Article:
Can we expect an unaccustomed and not entirely welcome focus on universities at the coming General Election? Or are we in a position where, as Oscar Wilde said, ‘There is only one thing in life worse than being talked about, and that is not being talked about’?
It is a delightful epigram, but not one that those responsible for our major universities would necessarily endorse in the lead up to one of the most uncertain elections in recent history.
And across a broad range of related issues – fees, immigration, radicalisation, innovation, skills, maybe even bosses’ pay – higher education looks set to feature more prominently in 2015 than in any previous campaign. The problem is that political logic – the framing of initiatives to attract votes – does not necessarily produce commitments that would be suggested by policy logic or managerial logic.
This is not to argue that any one of these three ways of thinking about the future of universities is superior to the others; they are all legitimate, and each come to the fore at different stages in the formulation and implementation of government reforms. Nonetheless, the enhanced attention of politicians breeds at best uncertainty and, at worst, interventions that many of us may view as unwelcome.
On the other hand, perhaps Wilde was right; maybe we should embrace the newfound salience of universities in the national political discourse. In most large UK cities and towns universities: employ large numbers of local people in often high value and typically sustainable jobs; undertake the research that underpins business innovation; create the professionals who shape civic society; provide the skills that enhance enterprise; and educate the next generation of leaders. We invest in physical regeneration, champion green technology, encourage public debates, provide sport facilities, support cultural programmes and promote mutual understanding. There are few aspects of life that universities do not touch and shape.
Furthermore, we do all these things – and many more – with income largely derived either directly or indirectly from government. Taking this view, it is the relative absence of higher education from previous election campaigns that needs explanation rather than our enhanced presence in this one.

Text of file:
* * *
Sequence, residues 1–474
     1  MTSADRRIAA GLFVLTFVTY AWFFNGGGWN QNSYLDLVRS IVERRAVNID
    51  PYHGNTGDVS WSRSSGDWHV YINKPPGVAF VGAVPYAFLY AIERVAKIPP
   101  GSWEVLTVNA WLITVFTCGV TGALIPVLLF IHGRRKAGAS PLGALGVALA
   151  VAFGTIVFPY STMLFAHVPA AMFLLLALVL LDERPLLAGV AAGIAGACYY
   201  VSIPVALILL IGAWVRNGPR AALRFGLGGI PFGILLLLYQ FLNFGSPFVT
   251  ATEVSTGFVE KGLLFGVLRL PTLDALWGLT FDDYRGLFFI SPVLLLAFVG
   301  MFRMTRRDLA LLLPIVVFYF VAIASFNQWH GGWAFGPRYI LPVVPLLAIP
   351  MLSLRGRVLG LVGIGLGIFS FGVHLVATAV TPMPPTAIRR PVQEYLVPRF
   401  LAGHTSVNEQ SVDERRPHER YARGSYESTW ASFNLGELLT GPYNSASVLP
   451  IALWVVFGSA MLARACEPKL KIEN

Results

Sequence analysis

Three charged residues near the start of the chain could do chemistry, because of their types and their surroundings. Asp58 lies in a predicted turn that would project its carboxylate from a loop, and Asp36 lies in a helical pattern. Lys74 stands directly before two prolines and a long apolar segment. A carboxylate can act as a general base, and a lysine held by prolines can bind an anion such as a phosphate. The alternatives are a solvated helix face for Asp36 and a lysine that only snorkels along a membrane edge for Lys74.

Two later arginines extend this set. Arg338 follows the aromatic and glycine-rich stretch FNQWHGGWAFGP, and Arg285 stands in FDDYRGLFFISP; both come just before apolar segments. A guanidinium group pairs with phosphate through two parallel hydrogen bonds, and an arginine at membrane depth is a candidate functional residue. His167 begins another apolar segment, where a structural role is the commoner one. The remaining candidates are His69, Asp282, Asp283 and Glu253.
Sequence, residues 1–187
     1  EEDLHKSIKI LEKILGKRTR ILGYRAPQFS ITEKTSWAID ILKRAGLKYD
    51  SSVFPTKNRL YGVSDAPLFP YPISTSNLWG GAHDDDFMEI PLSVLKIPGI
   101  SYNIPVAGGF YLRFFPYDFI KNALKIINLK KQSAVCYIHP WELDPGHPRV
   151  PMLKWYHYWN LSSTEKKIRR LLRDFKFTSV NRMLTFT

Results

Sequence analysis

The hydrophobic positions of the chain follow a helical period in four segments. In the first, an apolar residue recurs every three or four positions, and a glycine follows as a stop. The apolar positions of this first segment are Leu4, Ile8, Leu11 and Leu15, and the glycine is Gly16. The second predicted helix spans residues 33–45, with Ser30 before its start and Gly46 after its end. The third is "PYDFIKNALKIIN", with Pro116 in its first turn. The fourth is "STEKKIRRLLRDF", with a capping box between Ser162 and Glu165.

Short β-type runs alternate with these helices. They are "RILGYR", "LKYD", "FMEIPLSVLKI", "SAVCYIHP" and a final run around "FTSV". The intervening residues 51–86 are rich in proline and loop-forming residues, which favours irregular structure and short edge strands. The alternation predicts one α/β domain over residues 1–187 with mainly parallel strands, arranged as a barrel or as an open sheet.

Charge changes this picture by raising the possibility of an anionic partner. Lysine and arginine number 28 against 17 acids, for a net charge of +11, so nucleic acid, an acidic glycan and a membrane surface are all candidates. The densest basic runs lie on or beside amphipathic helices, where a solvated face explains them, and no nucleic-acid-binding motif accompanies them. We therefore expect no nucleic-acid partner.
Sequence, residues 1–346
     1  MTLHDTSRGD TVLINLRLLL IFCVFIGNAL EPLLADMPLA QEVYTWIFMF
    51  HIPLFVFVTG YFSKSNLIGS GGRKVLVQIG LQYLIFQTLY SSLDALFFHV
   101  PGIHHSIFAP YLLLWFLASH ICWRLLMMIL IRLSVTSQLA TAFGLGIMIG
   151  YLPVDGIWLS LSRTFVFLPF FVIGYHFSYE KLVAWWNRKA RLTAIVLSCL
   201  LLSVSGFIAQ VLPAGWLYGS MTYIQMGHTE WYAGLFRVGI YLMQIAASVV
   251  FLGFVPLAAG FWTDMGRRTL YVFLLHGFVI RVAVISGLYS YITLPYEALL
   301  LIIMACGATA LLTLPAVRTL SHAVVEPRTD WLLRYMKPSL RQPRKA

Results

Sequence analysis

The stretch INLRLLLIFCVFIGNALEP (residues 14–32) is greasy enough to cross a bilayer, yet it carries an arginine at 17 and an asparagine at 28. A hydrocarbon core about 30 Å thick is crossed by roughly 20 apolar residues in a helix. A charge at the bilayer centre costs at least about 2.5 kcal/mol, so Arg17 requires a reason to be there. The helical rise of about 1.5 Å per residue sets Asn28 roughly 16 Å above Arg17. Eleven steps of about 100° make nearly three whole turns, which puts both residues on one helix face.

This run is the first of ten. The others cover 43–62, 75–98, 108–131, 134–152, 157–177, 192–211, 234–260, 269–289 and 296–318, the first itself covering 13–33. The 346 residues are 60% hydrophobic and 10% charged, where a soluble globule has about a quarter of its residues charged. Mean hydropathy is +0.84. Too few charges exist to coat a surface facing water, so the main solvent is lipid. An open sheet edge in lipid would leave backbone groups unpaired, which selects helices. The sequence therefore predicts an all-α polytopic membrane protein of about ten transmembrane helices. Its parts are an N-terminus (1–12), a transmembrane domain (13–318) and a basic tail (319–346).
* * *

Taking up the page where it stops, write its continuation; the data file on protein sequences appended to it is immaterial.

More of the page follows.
We argue we are one of the most important groups of institutions in the country. Indeed, we have sought to draw attention to our impact through our sector body, within our mission groups, and as individual institutions. Having done so, however, we cannot expect always to set the terms on which the debate turns, in particular in the febrile atmosphere of a closely contested campaign.
Given the increasing political and public understanding of our influence on society, I am not sure that universities could shuffle back into the electoral shadows even if we wanted to. And this is not without further challenges. Scottish and Welsh universities are already facing the sorts of questions around their governance arrangements and pay regimes which may become common for many of us when English cities receive similar delegation of powers and funding; our local relationships with further education may also come under scrutiny.
Consumer law and student expectations may challenge a number of our established practices. Universities have benefited hugely from the UK’s engagement with the EU, which may now have passed its high watermark.
Can we expect to see more letters to The Times from vice chancellors in the years to come on these and other topics? However we choose to enter the debate – and that may not be the effective way of so doing – we should all prepare ourselves for a period when universities become the subject of regular debate. I for one think Oscar was right; this is to be welcomed.